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Title: American security policy : getting it far too wrong
Author: Mauk, John
ISNI:       0000 0005 0287 5406
Awarding Body: King's College London
Current Institution: King's College London (University of London)
Date of Award: 2020
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The outcomes of U.S. policy and strategy decisions to use military force in Afghanistan and Iraq demand a critical assessment of U.S. strategic decision-making. Presidential decisions to commit military force in these nations did not achieve U.S. objectives nor did they serve to protect vulnerable populations, or reduce terrorist threats, nor set the conditions for a better peace. These policies sought ambiguous, open-ended political objectives that could not be achieved despite vast economic capacity and unmatched military capabilities. The undesirable outcomes of these conflicts naturally invite scrutiny of the policy decisions that led to them. Academic analysis of foreign policy decisions is traditionally done through the lens of theories that consider the rationality of choices or in terms of human or socio-structural factors influencing them to understand why actors decided as they did. However, there is another perspective to be considered from the field of decision science that has developed a systematic approach to analyze complex problems and identify, risk-informed choices. This Applied Decision Analysis (ADA) methodology is a prescriptive approach that focuses on the soundness of analytical procedure used to develop decision criteria and is widely employed across many professions including business, finance, and industry. This methodology focuses on what was considered to underpin decisions as opposed to why decisionmakers chose as they did. In fact this prescriptive approach is the primary methodology for decision analysis within the U.S. military who must implement the policies of presidents. Given the prevalent use of this highly developed procedure, it is perplexing then that the National Security Council (NSC) does not appear to employ this approach when considering complex security policy problems. This is surprising as the NSC was created to assist presidents for this very purpose. It is similarly puzzling that the field of Foreign Policy Analysis (FPA) does not appear to embrace this approach to analysis in a meaningful way. This study will apply a prescriptive ADA methodology to consider the decision analysis procedures of successive presidential administrations to understand what they considered in forming policy decisions to use military force. The decision procedures of the George W. Bush and Barack Obama NSCs are evaluated here to identify key influencing factors, patterns and potential gaps, and characterize their implications for policy performance in addressing the central question this study: How might an ADA perspective enhance understanding of presidential decision-making procedures on vital national security issues and can this prescriptive perspective add value to mainstream FPA approaches?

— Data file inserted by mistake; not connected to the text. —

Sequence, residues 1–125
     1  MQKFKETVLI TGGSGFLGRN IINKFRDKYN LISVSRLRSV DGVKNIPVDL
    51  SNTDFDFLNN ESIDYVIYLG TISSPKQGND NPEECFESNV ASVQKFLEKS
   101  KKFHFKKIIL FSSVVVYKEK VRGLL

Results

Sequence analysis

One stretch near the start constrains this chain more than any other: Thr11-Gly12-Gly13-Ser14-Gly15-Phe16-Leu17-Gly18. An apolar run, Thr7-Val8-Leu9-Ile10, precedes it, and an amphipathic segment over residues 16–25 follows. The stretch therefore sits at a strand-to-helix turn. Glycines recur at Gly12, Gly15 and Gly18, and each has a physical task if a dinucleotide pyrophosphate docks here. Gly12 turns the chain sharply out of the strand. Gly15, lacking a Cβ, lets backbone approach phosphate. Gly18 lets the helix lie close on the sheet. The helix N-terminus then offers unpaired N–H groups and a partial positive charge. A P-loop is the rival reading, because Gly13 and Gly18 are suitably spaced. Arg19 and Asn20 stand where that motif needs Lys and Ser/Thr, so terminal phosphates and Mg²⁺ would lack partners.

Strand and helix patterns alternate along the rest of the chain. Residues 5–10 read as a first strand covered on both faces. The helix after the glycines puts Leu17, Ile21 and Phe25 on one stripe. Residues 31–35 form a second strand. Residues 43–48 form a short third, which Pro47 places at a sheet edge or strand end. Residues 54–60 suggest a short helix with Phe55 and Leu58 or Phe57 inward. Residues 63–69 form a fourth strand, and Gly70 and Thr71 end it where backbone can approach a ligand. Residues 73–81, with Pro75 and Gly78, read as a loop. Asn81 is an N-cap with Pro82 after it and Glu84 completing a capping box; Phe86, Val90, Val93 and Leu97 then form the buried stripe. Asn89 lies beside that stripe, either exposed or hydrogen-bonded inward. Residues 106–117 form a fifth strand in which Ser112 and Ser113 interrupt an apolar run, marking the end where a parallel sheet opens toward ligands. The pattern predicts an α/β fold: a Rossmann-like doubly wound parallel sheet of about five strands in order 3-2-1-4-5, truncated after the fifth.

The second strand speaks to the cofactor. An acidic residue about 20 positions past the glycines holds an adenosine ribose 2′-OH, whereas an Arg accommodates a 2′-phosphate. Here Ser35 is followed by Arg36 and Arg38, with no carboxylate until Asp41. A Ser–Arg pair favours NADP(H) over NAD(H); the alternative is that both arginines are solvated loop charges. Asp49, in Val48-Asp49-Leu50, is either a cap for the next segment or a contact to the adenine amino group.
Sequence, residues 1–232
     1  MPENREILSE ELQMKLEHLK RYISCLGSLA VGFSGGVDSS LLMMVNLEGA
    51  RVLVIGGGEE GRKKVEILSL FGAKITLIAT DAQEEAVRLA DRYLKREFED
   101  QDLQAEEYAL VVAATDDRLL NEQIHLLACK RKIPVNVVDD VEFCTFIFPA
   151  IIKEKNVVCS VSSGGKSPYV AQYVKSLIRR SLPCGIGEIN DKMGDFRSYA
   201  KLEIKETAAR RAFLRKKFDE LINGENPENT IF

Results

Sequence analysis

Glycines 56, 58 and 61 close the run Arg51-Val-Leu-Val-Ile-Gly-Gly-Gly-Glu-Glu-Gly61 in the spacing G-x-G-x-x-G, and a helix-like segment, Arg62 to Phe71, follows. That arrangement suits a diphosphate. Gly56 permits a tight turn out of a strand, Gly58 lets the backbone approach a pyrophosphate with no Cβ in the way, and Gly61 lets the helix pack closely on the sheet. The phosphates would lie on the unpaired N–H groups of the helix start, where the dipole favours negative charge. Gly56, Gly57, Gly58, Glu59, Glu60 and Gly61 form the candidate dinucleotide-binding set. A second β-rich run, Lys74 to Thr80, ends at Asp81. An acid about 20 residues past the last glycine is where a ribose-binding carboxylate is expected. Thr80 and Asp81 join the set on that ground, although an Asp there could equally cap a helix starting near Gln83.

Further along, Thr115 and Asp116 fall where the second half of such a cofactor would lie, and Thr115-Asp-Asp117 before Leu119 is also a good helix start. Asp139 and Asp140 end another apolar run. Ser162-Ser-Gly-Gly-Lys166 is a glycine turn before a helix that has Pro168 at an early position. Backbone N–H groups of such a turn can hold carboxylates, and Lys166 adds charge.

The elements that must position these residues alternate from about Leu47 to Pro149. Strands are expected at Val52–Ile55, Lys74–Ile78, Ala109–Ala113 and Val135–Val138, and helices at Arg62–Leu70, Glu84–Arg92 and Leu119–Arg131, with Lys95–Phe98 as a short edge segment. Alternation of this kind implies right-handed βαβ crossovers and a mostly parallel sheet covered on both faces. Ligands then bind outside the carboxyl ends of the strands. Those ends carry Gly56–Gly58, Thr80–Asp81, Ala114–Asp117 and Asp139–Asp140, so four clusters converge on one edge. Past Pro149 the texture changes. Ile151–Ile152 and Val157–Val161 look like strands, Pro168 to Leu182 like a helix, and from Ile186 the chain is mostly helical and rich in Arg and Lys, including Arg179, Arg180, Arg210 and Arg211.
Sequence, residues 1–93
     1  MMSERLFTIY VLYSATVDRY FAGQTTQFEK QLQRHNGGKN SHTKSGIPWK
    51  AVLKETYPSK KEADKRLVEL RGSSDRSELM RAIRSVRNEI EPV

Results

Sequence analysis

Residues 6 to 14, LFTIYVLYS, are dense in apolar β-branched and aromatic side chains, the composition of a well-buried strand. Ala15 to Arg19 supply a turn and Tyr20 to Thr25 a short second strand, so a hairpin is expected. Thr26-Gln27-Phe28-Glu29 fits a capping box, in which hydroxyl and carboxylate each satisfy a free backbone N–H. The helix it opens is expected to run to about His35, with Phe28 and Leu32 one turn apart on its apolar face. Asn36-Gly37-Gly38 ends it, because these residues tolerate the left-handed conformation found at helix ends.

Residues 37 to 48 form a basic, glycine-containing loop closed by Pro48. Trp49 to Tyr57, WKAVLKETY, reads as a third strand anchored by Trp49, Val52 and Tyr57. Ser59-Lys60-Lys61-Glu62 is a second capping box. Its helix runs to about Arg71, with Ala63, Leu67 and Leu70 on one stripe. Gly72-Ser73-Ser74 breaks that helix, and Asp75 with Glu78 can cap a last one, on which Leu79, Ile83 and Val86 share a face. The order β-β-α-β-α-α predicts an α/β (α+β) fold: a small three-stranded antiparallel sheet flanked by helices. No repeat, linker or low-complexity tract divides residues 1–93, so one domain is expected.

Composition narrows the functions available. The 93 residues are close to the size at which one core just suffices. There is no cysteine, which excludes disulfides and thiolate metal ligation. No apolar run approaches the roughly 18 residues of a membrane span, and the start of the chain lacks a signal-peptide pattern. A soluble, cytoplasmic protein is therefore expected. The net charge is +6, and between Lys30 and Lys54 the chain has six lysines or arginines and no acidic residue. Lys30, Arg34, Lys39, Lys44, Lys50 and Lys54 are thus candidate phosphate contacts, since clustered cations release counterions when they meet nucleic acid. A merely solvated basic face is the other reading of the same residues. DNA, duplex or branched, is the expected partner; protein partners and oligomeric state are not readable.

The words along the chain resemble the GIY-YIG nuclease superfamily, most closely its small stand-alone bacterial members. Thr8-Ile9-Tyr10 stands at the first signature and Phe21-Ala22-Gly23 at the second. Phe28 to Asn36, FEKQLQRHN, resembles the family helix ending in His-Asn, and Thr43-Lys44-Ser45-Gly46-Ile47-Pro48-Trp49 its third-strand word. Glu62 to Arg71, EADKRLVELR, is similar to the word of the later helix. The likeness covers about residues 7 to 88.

Supervisor: Bird, Timothy ; Maiolo, Joseph Anthony Sponsor: Not available
Qualification Name: Thesis (Ph.D.) Qualification Level: Doctoral
EThOS ID:  DOI: Not available